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Cloverdale Reveille
Cloverdale, California
March 26, 1997     Cloverdale Reveille
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March 26, 1997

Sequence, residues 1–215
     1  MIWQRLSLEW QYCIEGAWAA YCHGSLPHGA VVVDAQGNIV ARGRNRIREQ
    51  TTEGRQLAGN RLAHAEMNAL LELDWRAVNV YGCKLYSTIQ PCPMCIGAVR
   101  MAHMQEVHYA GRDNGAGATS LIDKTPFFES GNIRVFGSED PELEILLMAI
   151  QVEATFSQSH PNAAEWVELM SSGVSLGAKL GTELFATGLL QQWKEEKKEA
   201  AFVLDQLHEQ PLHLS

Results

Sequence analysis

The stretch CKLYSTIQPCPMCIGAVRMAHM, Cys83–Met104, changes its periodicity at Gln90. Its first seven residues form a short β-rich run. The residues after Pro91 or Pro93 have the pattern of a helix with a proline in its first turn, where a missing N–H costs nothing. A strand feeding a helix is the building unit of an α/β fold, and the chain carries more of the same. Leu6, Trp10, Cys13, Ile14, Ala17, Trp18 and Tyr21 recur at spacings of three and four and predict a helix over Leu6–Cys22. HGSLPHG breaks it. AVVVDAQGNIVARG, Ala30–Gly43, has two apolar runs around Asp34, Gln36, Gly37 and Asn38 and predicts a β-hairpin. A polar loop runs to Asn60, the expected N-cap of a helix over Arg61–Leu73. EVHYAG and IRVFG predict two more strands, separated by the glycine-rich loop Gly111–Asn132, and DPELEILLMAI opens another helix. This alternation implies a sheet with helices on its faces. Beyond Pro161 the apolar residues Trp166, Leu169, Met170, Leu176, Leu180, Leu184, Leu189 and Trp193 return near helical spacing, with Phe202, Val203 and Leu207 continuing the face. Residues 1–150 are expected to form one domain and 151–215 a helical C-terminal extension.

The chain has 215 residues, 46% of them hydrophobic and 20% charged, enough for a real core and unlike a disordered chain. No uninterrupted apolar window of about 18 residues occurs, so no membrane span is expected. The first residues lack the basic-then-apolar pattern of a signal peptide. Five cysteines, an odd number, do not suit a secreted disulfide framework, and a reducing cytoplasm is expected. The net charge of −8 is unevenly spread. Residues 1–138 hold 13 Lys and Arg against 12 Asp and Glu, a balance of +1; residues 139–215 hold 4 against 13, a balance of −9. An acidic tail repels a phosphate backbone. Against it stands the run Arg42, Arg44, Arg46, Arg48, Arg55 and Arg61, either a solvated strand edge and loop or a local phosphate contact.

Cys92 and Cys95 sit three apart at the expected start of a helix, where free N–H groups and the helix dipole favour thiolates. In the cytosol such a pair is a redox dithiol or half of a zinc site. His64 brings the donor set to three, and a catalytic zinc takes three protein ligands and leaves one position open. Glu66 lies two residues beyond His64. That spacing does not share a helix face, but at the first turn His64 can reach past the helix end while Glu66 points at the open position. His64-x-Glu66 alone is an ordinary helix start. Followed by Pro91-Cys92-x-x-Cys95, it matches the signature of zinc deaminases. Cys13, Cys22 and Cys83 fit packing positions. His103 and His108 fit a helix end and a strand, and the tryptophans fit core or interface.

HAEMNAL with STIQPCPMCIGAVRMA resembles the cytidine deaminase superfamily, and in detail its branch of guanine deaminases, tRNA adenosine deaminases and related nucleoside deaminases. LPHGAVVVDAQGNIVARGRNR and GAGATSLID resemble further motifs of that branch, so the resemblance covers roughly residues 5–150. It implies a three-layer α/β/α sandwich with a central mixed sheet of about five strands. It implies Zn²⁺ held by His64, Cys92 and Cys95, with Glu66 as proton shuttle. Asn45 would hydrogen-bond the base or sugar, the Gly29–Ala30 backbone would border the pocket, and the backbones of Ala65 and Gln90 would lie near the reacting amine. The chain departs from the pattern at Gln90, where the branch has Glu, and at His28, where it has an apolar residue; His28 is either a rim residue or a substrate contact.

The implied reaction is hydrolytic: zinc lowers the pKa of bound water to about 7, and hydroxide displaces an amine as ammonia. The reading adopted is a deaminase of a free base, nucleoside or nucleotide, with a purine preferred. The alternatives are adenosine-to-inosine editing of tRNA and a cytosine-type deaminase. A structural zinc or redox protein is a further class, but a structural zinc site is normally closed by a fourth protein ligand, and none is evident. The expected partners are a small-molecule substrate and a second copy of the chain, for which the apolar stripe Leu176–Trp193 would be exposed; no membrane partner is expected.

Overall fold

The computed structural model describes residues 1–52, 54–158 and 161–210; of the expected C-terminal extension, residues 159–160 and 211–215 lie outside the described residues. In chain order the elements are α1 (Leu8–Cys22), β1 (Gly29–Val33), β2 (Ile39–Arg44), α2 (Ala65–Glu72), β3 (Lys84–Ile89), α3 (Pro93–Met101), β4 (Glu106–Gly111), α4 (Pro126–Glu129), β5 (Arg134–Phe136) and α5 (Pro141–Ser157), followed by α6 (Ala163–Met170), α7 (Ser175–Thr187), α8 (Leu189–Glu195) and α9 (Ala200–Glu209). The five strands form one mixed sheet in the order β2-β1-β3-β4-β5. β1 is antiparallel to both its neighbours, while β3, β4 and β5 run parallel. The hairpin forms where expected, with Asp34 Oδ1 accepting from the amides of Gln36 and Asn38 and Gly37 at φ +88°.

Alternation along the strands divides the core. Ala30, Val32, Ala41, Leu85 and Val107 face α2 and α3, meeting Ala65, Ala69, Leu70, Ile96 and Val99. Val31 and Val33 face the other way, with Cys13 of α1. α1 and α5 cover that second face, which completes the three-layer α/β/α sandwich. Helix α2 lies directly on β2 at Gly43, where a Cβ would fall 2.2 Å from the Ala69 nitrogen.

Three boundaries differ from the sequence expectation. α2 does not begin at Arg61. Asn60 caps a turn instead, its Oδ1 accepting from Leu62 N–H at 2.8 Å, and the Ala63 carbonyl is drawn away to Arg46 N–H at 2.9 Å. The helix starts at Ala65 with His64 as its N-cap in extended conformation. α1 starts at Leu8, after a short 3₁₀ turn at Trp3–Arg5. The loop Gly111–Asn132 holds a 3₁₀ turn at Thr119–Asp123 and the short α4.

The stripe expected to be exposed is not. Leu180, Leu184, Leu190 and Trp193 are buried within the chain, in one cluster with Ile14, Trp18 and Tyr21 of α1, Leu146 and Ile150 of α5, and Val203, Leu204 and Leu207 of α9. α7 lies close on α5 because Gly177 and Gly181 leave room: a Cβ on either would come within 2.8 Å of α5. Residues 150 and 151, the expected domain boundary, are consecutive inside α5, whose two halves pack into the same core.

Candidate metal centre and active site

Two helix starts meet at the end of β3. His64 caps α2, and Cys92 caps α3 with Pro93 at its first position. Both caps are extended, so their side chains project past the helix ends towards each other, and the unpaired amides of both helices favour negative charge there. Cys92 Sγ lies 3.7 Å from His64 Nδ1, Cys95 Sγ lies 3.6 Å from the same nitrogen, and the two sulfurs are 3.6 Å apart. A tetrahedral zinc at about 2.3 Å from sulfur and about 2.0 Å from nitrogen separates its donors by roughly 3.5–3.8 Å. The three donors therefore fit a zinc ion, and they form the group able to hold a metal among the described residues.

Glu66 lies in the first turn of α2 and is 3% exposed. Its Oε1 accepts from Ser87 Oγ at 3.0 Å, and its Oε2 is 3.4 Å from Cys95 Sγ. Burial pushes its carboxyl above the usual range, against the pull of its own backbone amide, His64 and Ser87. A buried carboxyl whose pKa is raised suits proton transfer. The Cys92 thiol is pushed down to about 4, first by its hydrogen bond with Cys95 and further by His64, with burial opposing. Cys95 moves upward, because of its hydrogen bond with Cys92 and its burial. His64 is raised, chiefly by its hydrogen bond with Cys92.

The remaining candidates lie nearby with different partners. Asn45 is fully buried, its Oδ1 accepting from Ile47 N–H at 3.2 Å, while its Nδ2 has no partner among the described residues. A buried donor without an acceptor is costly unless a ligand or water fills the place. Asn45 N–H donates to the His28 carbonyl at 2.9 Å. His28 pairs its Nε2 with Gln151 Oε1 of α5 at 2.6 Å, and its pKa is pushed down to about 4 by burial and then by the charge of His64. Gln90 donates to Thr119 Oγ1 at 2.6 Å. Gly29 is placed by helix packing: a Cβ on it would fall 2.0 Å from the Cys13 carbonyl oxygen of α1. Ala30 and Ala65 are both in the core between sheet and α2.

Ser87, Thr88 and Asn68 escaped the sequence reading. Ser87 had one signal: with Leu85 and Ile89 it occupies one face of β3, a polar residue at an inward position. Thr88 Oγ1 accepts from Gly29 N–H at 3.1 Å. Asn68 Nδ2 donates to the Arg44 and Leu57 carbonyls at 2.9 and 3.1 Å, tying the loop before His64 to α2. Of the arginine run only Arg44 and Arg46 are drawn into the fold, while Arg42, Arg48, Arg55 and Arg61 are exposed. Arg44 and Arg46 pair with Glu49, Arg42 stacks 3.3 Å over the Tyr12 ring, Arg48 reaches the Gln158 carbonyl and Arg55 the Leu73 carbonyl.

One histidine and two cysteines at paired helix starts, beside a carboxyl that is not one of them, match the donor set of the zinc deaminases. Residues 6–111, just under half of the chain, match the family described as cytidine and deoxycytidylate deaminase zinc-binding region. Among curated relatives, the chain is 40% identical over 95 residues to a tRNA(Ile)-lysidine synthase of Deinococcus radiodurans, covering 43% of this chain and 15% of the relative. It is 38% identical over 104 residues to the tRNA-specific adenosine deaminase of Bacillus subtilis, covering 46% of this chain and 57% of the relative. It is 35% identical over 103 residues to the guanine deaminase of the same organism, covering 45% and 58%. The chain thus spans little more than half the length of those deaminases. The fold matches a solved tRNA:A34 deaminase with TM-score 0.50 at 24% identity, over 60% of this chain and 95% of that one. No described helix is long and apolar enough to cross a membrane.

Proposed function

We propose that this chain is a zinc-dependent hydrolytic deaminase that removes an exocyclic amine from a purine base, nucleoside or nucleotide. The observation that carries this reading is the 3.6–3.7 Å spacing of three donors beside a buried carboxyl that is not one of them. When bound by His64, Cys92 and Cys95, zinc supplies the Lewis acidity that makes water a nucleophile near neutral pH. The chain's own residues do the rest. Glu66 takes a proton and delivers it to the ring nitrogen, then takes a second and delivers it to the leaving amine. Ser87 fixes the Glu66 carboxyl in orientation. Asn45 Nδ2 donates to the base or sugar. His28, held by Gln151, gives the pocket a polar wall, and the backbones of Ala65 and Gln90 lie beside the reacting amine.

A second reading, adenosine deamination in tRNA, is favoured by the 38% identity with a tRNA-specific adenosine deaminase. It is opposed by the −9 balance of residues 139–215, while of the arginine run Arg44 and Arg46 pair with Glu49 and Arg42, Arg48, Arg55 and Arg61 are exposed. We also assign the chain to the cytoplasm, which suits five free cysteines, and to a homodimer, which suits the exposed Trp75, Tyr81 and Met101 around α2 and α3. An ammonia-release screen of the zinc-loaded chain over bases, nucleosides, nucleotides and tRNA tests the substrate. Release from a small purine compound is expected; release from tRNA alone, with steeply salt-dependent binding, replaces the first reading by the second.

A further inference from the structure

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still library Page 5 Fishery . i program at V Lake 00o.oma See Below. Exchange Bank lauded See Page 5 Published weekly since 1879 1879 Hoag & Sons 127 Railroad Spnngport MI 49284 Z8 118 years of serving the community , Sonoma County, CA March 26, 1997 VoL CXVIII, Issue 13 35 Cents steelhead and salmon raised at Lake Sonoma soon to be released return rates success of since 1995 KramlN' :Prt of a stock rescue pro- for the upper Eel River 20,000 Steelhead 000 Chinook (King) are being raised at the Hatchery at Lake into the Eel to three weeks. to Associate Biolo- ;) for the District Rich- the project was 1995, when the loss of r in the Upper Eel Riv- real threat. Ddon't want ahatchery sys- the Upper Eel--we want It's for Mother Na- it as opposed to this We're hoping be eight years when efed up numbers to exp L'I egg taking facility on Salmon and steelhead 165 the Eel River to live Ocean. Then, when it is they swim back When they reach the their eggs are taken of the eggs are taken to and to the Mad River The groups are split Case a disease or unfore- decimates one group- will be safe, or as all your eggs in one has- the fish reach one year r are transported from to Van Arsdale there for seven to ten an imprinting period. them that's where They were born in raised in Russian As part of a stock rescue pcogmm for li uppmr Eel River drainage, 20,000 Steelhead Trout and 20,000 Chinook (King) Salmon are being raiwcl at the Warm Springs Hatche at Lake Sonoma for release into the Eel in one to three weeks. Last week voltmtNrs from several agencies and environmml groups mmtuKIllle flshtoheip detmrminether0tmn .i....t!Imlh idtw their release. (Above, from left) Fowler, Reserve Fish and Game Warden; Biirrbwmmmll, UMah Rod and Gun Club, and Associate Biologist (Marine/Fisheries) for the Lake/Mendoclno Oistrict Richard Idacedo participate In marking the need to be reminded is where they is very suc- explained. r fish then stay in Please turn to page 2 Rsh and Game Biolgist Scott Hards (I) and Coullney Albrecht of Amedcorp are busy marldng steelheed. According to Idacedo, the stock rescue program has been very succetsful with a 5% return rate. leaders hope to delay shutdown Reservation, which operates the Casino, are hoping for a time exten- May I deadline imposed by Attorney General all State indian gmin fA_cilities to cease pull-tab machines. to spokesman Jerry Teague, the Hopland that public outcry will sway federal allow continued use of gaming machines until reached between the tribes and the to Teague, the governor and the Pala Band of are currently negotiating a Class III Compact. would decide the scope of gaming and what :machines would be allowed at Indian operated in Californi this month, Reno directed three of the four U.S. in Californi to issue letters to each gaming their districts threatening to close their casinos they agreed to sign an immediate agree- use of the video machines by May 1. of the US Attorney General's action upon are is inappropriate while these Tribal/ are continuing in good faith," Ramon Billy Sr. in a recent press tribes of the Northern District signed the agreements. The Hopland Tribe signed the agreement with U.S. Attorney Michael Yazaaguchi because we were forced to. If we would have refused to sign, he would have closed our facility immediately," the release states. The tribe wants federal officials to back off until an agreement is reached between the State and gaming tribes.  "If we don't get an extention, weZl shut down the ma- chines," said Jerry Teague. "We won't defy the law." He said the casino would continue with bingo and some poker games, but said, "that's not what the public wants." According to casino operators, the facility employs roughly 130 people. "Of these employees, approximately 50 percent are non Indian. Our facility is one of the larger employers in Mendocino County," the press release states. "Ninety-eight percent of our employees are from local and surrounding areas. " According to Teague, prior to the employment opportuni- ty at the casino 85 percent of employees were either unemployed, on welfare or working part time jobs. "Our casino has virtually eliminated unemployment on the Hopland reservation. Because we are in such an economi- cally depressed area with little or no other economic development, our employeees will be forced back on the" welfare and unemployment rolls if we are forced to close our casino, the official statement from the tribe states. Please turn to pege 2. CalTrans agreement to improve boulevard excludes downtown City will receive $280,000 An agreement between Cal- Trans and the City of Cloverdale has opened the way for road improvements by the state on Cloverdale Blvd. from Mittles- tadt to Sandholm Lane, exclud- ing the portion from Citrus Fair Drive to Fourth Street. CalTrans will give the City $280,000 toward the downtown boulevard reconfiguration. CaITrans will repave their por- tion of the project with a new asphalt surface. The boulevard will be re-striped, and damaged curb, gutter and sidewalks will be replaced. Also, in the agreement is a stipulation that a drainage prob- lem at Mittlestadt will be cor- rected. Later the box culvert at Cloverdale Creek will be re- moved and a new bridge con- structed. The Downtown Specific Plan calls for removal of the median, resurfacing, and widening of sidewalks. The project is expect- ed to cost between three and four million. The City will apply for grants and loans from feder- al and state agencies. City Manager Bob Perrault reports that the City is support- ing continuation of the Inter- modal Surface Transportation Efficiency Act scheduled to ter- minateSept. 30, 1997. This agen- cy has been a source of funding for Cloverdale street projects in the past and would be a possible source of funds for the down- town street improvements. The City Council was concerned about two issues that have been resolved in the agreement. The first issue was concern regarding liability for work per- formed by CalTrans prior to re- linquishment CalTranswill send a 90 day notice of intent to relin- quish to the City providing it with 90 days to review the work prior to actual relinquishment. The second issue was fear of the City's liability should under- ground storage tank removal in the future involve the roadway. CalTrans has agreed to include petroleum and it factions in the definition of hazardous substanc- es in this instance even though it is excluded from the definition in state statutes. According to City Engineer John Wanger, the state could go to bid by August for its portion of the project and work could begin in early fall or could be deferred to the spring of 1998 depending upon the length of time it takes to complete the bidding process and award the contract. I I I | Cloverdale High participates in Community Unity Day 3/27 On March 27, between 8:30 and 11:30 am, Cloverdale High School students will take part in the second annual "Community Unity Day'. Started by student government last year, the highly successful Community Unity Day involves the entire high school in various projects around the city. This year, 35 groups will plant trees around town, clean up litter along Highway 101 and Asti Road, weed the cemetery and repair headstones, graffiti removal, refur- bish the baseball field and the boys locker room at CHS, paint murals, visit residents at Manzanita Manor, and more. Bags will also have been distributed all over town for residents to donate food and they will be collected by students during tomorrow's event. According to Student Government Advisor Joe Dobbins, the event was started last year as a means for the high school to provide some service to the community. "The idea was to have the whole school involved. We had an assembly on school unity and that kind of dovetailed into trying to unify the whole community with the school," Dobbins explained. Plemm turn to page 2 Cloverdale Lions Club to hold annual Easter Egg Hunt 3/29 Children 10 and nder are invited to join in the fun of a Cloverdale tradition. The Lions Club is hiding over 1,000 eggs and numerous special prize eggs for children to find at Jefferson School on Saturday, Mar. 29. Egg hunting will begin promptly at 10 am. Longs Pharmacy will provide free 5x7 pictures of kids with the Easter Bunny from 9 am to 10 am. As in past years the event will be held in three separate fields for three age groups. The age groups are preschool, first and second grades, and third and fourth grades. The event will take place rain-or- shine and will be held indoors if necessary. Kids are reminded to bring an empty basket or similar con- tainer for eggs.